Setting Up a Stewardship Team

(Suggest that this information be distributed to potential stewardship team members.)

The purpose of the team:  The team’s work is to encourage faith development expressed in generosity and commitment to Christ’s work in the church and beyond.  This is done by:

  • Determining where congregants are in terms of their use of time, talent and giving.
  • Working alongside existing structures in the church (educational ministries, finance and long-range planning committees, worship committee, etc.) to develop strategies and opportunities to help develop member giving.
  • Advising the church’s leadership on procedures that will encourage the stewardship of the entire congregation.
  • Engaging in regular biblical study of stewardship.
  • Offering regular communication to members, through newsletters and bulletins that educate and inspire others on their stewardship journey.

The stewardship team is NOT the fundraising committee.  As important as it is to raise money for church ministry, the focus of the stewardship team is to encourage Christians to use their God-given gifts in ways that honor God.  It may be helpful for the stewardship team to draft a mission statement defining its purpose.  Here are some samples.

The makeup of the team:  There should be a wide variety of people of both age and gender.  Members of the team may include a deacon and an elder from the church’s governing body, an empty-nester, a recently married person, an adult single, a middle-aged person and anyone who shares an enthusiasm for giving.  It is helpful if there is someone with creative skills who can develop bulletin/newsletter inserts and has good communication skills.  Pastor should be an ex-officio member.

Accountability:  Determination must be made to whom this team reports.  Since the work of the stewardship team crosses many committee lines involving young people, adult education, Sunday School, worship, etc., it may be well for the team to report directly to the Executive or Administrative Committee of the church.  Having that level of leadership of the church directly involved in over-seeing the work of the stewardship team creates visibility and a spirit of support and encouragement to the team.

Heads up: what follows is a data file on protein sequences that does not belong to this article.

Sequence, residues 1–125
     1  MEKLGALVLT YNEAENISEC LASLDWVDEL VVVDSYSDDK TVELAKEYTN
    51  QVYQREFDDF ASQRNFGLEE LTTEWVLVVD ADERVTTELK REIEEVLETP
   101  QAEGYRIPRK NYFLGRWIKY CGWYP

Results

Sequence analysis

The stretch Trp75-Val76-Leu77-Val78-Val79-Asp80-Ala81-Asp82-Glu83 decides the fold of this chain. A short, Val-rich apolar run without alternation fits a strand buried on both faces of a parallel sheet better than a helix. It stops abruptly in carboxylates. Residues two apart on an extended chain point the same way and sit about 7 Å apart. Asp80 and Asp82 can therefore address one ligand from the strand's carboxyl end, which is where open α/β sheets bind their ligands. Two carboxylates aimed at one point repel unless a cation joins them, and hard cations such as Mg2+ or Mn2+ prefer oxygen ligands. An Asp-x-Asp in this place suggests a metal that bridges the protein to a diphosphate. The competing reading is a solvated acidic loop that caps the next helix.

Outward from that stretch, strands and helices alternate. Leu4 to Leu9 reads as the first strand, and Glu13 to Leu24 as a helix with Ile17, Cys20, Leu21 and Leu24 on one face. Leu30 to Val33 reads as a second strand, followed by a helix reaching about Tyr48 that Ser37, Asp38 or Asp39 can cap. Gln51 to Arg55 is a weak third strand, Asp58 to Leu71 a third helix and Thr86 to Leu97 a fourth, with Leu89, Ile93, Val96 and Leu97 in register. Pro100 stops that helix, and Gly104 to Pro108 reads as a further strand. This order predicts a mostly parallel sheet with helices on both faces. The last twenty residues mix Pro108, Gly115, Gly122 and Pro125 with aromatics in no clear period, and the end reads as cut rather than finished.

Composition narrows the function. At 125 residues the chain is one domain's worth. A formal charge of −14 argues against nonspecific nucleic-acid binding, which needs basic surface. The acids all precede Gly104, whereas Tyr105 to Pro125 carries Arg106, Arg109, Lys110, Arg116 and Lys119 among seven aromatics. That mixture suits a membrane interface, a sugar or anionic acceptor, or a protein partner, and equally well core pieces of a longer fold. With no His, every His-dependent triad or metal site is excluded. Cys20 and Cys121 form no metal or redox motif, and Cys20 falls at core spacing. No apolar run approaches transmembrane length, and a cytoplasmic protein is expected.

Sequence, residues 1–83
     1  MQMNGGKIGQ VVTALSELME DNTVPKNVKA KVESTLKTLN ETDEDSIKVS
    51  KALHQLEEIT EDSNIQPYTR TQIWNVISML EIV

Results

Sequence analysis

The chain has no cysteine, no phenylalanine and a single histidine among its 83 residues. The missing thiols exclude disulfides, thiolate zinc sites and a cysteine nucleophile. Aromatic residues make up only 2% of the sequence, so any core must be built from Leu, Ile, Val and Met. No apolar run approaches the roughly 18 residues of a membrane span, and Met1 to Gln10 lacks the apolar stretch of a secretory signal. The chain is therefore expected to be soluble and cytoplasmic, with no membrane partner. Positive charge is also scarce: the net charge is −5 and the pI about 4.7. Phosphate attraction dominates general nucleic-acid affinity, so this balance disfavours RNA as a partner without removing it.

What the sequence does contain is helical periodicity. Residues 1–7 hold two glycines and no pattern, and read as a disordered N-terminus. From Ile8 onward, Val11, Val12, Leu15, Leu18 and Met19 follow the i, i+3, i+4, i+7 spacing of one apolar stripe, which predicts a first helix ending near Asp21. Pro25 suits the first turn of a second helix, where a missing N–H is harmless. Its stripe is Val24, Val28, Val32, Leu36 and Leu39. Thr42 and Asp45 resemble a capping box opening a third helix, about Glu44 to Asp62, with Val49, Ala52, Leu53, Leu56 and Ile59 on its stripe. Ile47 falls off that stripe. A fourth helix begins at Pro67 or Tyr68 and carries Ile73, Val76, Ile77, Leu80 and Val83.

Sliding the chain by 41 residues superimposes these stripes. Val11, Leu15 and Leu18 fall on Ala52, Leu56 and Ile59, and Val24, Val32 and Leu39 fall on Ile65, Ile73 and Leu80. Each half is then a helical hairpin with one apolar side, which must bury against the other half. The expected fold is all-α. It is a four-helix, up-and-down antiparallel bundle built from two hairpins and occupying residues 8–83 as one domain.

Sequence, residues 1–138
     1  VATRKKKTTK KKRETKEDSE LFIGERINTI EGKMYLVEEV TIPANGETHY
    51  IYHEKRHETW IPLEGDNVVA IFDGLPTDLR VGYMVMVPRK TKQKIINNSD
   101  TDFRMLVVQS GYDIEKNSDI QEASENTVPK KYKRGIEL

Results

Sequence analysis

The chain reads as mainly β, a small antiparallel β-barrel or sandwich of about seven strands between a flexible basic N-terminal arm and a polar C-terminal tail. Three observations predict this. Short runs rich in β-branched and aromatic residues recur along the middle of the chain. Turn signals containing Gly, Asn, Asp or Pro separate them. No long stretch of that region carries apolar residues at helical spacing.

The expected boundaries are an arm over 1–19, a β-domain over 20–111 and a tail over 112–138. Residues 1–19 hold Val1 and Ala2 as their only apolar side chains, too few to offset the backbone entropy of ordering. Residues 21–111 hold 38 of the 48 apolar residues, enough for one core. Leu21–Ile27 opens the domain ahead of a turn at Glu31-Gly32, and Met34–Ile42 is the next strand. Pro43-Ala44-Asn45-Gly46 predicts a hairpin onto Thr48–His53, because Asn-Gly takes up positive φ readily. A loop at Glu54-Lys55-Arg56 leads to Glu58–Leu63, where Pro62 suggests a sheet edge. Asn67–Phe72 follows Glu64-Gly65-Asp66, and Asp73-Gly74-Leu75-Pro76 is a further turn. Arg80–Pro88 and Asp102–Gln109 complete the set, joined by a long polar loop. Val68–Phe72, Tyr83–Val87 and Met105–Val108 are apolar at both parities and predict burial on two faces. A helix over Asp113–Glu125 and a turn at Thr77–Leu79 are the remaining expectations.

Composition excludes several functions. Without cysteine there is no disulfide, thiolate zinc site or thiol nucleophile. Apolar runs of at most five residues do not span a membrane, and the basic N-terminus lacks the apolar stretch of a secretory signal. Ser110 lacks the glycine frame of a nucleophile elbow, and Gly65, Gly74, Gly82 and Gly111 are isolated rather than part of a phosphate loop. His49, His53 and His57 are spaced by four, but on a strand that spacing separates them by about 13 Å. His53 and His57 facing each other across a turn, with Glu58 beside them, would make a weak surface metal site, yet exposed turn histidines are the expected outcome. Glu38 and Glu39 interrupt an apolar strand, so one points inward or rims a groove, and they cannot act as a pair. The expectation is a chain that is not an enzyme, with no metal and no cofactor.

Commitment:  Team members should be asked to serve a pre-determined number of years, with a minimum of three years recommended.  Members should be welcome to continue serving beyond that time should they wish to do so.

Continuing Education:  Because individuals come with different ideas and personal experiences in the area of stewardship, it is recommended that once the stewardship team is formed, that some time be spent as a group reading and studying a few resources which will help them as they move forward. This accomplishes two goals:  it heightens personal awareness of stewardship and it helps to bring everyone on the team to the same page, bonding the team together as a cohesive group.  Two recommended resources are:  The Treasure Principle by Randy Alcorn (discovering the secret of joyful giving) and Firstfruits by Robert Heerspink (a stewardship guide for church leaders).